scores are obtained by the Senate President in Metro Manila (40% versus 41%), the rest of
Luzon (47% versus 38%), and Class ABC (45% versus 39%).
Big plurality to near majority indecision figures are recorded by House Speaker Belmonte in
Mindanao (44%), Metro Manila (48%), the Visayas (50%), and all socio-economic classes (45%
to 50%). In contrast, a small majority of those in the rest of Luzon (52%) cannot say if they
trust or distrust the lawmaker.
8

Most of those in the rest of Luzon (52%) and the Visayas (52%) are ambivalent toward the
trustworthiness of Supreme Court Chief Justice Sereno. Big pluralities to near majorities in
Metro Manila (41%), Mindanao (44%), and Classes D and E (50% and 49%, respectively) also
express indecision on the matter. In Class ABC, virtually the same percentages either trust
the Supreme Court Chief Justice (33%) or are ambivalent on the matter of trusting or
distrusting her (42%).
While Filipinos assessment of the performance of President Aquino remains essentially
the same between June and September 2015, the same observation does not hold true in
the case of the other top Philippine government officials; few changes occur in overall trust
ratings of these officials during this period
For the most part, President Aquino obtains virtually the same approval, indecision, and
disapproval scores in June and September 2015. The only notable changes at this time as far
as presidential performance ratings are concerned are the: (1) increase in approval rating in
the Visayas (+15 percentage points) and (2) decline in the level of indecision toward
presidential performance also in the Visayas (-13 percentage points). (Please refer to Table 5.)
As for Vice-President Binay, he experiences a drop in his national approval score (-15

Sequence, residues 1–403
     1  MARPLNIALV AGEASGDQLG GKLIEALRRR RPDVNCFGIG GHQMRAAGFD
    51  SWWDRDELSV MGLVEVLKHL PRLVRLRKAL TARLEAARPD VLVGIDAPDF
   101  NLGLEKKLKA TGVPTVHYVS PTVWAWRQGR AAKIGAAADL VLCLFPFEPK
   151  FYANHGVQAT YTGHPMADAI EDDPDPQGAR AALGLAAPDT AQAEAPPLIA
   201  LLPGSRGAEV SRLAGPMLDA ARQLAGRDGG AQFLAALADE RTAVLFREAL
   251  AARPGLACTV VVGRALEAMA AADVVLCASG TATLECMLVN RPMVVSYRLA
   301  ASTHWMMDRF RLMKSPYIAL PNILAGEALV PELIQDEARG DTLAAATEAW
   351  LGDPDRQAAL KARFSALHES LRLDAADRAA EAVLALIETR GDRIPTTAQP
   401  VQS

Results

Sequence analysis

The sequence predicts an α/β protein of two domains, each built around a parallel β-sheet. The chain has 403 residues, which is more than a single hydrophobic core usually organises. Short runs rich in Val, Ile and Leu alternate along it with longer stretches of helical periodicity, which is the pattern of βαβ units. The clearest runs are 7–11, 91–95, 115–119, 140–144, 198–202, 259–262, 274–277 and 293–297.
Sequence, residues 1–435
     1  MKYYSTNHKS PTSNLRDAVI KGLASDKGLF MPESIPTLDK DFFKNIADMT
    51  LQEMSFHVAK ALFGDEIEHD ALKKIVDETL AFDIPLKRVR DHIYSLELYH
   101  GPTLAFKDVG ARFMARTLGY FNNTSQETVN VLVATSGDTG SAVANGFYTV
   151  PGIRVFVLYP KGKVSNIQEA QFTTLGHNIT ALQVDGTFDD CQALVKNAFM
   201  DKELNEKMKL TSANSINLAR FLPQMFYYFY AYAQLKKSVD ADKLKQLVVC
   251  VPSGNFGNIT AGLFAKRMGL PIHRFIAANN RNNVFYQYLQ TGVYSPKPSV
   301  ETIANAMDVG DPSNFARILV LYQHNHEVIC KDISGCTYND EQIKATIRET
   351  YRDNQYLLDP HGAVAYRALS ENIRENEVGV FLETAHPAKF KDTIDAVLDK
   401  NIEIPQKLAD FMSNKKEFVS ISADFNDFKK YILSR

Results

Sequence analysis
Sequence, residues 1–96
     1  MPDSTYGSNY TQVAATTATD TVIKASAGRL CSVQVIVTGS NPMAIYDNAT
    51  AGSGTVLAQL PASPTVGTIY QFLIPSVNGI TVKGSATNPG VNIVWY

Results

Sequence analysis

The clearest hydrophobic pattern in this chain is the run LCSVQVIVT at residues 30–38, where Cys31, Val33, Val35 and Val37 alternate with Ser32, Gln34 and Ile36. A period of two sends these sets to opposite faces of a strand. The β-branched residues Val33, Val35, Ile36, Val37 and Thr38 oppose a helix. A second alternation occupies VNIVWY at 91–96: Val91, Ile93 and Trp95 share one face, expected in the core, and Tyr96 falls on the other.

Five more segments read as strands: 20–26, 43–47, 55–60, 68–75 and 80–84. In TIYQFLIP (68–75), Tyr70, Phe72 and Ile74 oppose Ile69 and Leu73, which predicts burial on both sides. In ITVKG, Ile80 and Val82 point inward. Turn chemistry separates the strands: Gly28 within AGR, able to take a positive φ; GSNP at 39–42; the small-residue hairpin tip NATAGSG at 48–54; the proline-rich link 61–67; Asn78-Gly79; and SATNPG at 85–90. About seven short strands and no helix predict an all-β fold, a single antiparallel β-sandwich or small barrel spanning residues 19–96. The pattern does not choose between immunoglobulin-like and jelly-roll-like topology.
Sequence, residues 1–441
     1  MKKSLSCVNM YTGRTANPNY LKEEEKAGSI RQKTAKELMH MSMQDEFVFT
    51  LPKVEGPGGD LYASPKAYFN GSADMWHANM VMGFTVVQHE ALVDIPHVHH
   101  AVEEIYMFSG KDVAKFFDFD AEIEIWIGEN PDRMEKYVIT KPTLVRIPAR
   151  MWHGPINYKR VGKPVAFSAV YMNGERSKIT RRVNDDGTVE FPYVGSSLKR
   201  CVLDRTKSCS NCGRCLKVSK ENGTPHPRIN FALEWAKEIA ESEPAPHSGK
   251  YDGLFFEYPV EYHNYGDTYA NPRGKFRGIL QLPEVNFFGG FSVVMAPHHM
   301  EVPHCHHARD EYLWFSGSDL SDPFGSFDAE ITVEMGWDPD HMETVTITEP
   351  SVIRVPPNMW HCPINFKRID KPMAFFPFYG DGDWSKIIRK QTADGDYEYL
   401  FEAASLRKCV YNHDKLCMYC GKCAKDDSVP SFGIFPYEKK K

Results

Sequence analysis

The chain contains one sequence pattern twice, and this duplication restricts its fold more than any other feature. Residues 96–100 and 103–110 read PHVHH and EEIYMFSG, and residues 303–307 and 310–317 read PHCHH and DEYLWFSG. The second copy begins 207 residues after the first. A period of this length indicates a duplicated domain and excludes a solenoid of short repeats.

percentage points) as well as an increase in his overall disapproval and indecision ratings (+8
and +7 percentage points, respectively). Vice-presidential approval ratings also go down in
all geographic areas (-11 to -22 percentage points) and in Classes D and E (-12 to -21
percentage points). On the other hand, criticism for vice-presidential performance becomes
more pronounced in the Visayas and Class E (both at +13 percentage points).
Senate President Drilons national indecision figure declines during the period June to
September 2015 (-6 percentage points) while his overall approval and disapproval ratings
remain basically unchanged (+1 and +5 percentage points, respectively). Across geographic
areas and socio-economic classes, the Senate President enjoys an improvement in his
approval rating and a decrease in the level of ambivalence toward his work among Visayans
(+20 and -19 percentage points, respectively) as well as a decline in his indecision rating in
Class D (-8 percentage points).
At the national level, indecision toward the performance of House Speaker Belmonte eases
between June and September 2015 (-6 percentage points). Additionally, levels of ambivalence
on the matter go down in the Visayas (-12 percentage points) and Class E (-13 percentage
points). In contrast, House Speaker Belmonte registers an improvement in his approval rating
in the Visayas (+13 percentage points).
Supreme Court Chief Justice Serenos overall indecision figure also declines at this time (-6